Several cutoffs have been proposed for better predicting permanent or transient CH, using levothyroxine dose at the third year including cutoffs of > 2.86 µg/kg by Park ES et al., (Sensitivity: 88.9 %, Specificity: 71 %) [38] and > 3.96 µg/kg by Itonaga et al., (Specificity: 100 %) [39] for permanent CH and cutoffs of < 1.3 µg/kg by Higuchi et al., (Sensitivity: 80 %, Specificity: 84 %) [36] and < 2.76 µg/kg by Park IS et al., (Sensitivity: 87.3 %, Specificity: 67.6 %) [40] for transient CH. In our study, a cutoff point of > 2.25 µg/kg with a sensitivity of 76.11 % and specificity of 58.52 % at the third year of follow up was the predictor for permanent CH. However, it is important to note that despite statistical significance in the predictive values of our study, the low AUCs as demonstrated in Table 3 indicate low pragmatic values in the cut-offs for the prediction of permanent CH.

The main limitation of this study is that despite recalls, we did not have access to follow-up data for more than 200 CH cases. As the screening program will improve overtime, further study on patient follow up with more thorough data is warranted. Another limitation of this study is the lack of etiologic investigations for confirmed CH cases. This is due to the ‘National Congenital Hypothyroidism Screening Program Guidelines’ which do not require physicians to perform investigations such as thyroid scan or ultrasonography for CH etiologic factors. Exclusion of thyroid agenesis and ectopia could have provided a more meaningful predictive values for patients with eutopic thyroid glands.

Conclusions

According to our study, we found that Fars province has one of the highest incidence of CH in Iran. Meanwhile, the transient CH rates in Fars and other parts of Iran appear to be much higher than the historical proportions of approx. 20 % transient disease in the rest of the world. Despite higher TSH concentrations for permanent CH at various points of follow-up, differences in the trend of TSH reduction after outpatient visits were insignificant between the permanent and transient CH cases. TSH concentration at both screening tests and the venous sample along with LT4 dose per kilogram at the end of second and third year of follow-up were the predictors for permanent CH.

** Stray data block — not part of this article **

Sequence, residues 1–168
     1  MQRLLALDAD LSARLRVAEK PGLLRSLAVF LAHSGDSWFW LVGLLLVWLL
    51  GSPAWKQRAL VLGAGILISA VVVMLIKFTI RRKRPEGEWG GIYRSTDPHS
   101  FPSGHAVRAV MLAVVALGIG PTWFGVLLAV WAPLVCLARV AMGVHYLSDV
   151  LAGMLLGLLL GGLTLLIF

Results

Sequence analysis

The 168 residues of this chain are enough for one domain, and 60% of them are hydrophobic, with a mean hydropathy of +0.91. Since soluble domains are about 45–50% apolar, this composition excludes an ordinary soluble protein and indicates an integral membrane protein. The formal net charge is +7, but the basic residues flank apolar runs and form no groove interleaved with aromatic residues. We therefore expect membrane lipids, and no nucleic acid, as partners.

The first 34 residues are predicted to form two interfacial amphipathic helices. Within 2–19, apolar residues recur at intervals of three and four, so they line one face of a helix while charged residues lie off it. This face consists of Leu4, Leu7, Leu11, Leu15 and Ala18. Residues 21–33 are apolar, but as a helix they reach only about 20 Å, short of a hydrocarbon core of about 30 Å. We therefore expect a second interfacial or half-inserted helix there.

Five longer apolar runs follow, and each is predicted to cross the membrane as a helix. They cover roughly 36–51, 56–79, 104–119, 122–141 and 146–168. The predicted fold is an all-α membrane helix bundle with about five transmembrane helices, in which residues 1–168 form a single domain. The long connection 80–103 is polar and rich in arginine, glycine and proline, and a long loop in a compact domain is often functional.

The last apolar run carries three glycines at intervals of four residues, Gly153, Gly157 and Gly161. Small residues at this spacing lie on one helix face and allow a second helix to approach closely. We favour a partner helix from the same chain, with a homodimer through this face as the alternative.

Availability of data and materials

The datasets used during the current study are confidential and not publicly available. Data requests are only available upon permission from the university and the office of non-communicable diseases.

Abbreviations

SUMS:

Shiraz University of Medical Sciences

CH:

Congenital hypothyroidism

AUC:

Area under curve

LT4:

Levothyroxine

TSH:

Thyroid stimulating hormone

T4,:

Thyroxine

References

  1. 1.

    Bernal J, Guadaño-Ferraz A, Morte B. Perspectives in the study of thyroid hormone action on brain development and function. Thyroid. 2003;13(11):1005–1012.

    CAS  Article  Google Scholar 

  2. 2.

    Zoeller RT, Rovet J. Timing of thyroid hormone action in the developing brain: clinical observations and experimental findings. J Neuroendocrinol. 2004;16(10):809–818.

    CAS  Article  Google Scholar 

  3. 3.

    Klett M. Epidemiology of congenital hypothyroidism. Exp Clin Endocrinol Diabetes. 1997;105 Suppl 4:19–23.

    CAS  PubMed  Google Scholar 

  4. 4.

    Najmi SB, Hashemipour M, Maracy MR, Hovsepian S, Ghasemi M. Intelligence quotient in children with congenital hypothyroidism: The effect of diagnostic and treatment variables. J Res Med Sci. 2013;18(5):395–399.

    PubMed  PubMed Central  Google Scholar 

  5. 5.

    Harris KB, Pass KA. Increase in congenital hypothyroidism in new york state and in the united states. Mol Genet Metab. 2007;91(3):268–277.

    CAS  Article  Google Scholar 

  6. 6.

    American Academy of Pediatrics, Rose SR, Section on Endocrinology and Committee on Genetics, American Thyroid Association, et al. Update of newborn screening and therapy for congenital hypothyroidism. Pediatrics. 2006;117(6):2290–2303.

    Article  Google Scholar 

  7. 7.

    Effects of neonatal screening for hypothyroidism: prevention of mental retardation by treatment before clinical manifestations. New England congenital hypothyroidism collaborative. Lancet. 1981;2(8255):1095–1098.

    Google Scholar 

  8. 8.

    Wassner AJ, Brown RS. Congenital hypothyroidism: recent advances. Curr Opin Endocrinol Diabetes Obes. 2015;22(5):407–412.

    CAS  Article  Google Scholar 

  9. 9.

    Rastogi MV, LaFranchi SH. Congenital hypothyroidism. Orphanet J Rare Dis. 2010;5:17.

    Article  Google Scholar 

  10. 10.

    Ordookhani A, Mirmiran P, Walfish PG, Azizi F. Transient neonatal hypothyroidism is associated with elevated serum anti-thyroglobulin antibody levels in newborns and their mothers. J Pediatr. 2007;150(3):315–317, 317.e2.

    CAS  Article  Google Scholar 

  11. 11.

    Hashemipour M, Hovsepian S, Kelishadi R, et al. Permanent and transient congenital hypothyroidism in Isfahan-Iran. J Med Screen. 2009;16(1):11–16.

    Article  Google Scholar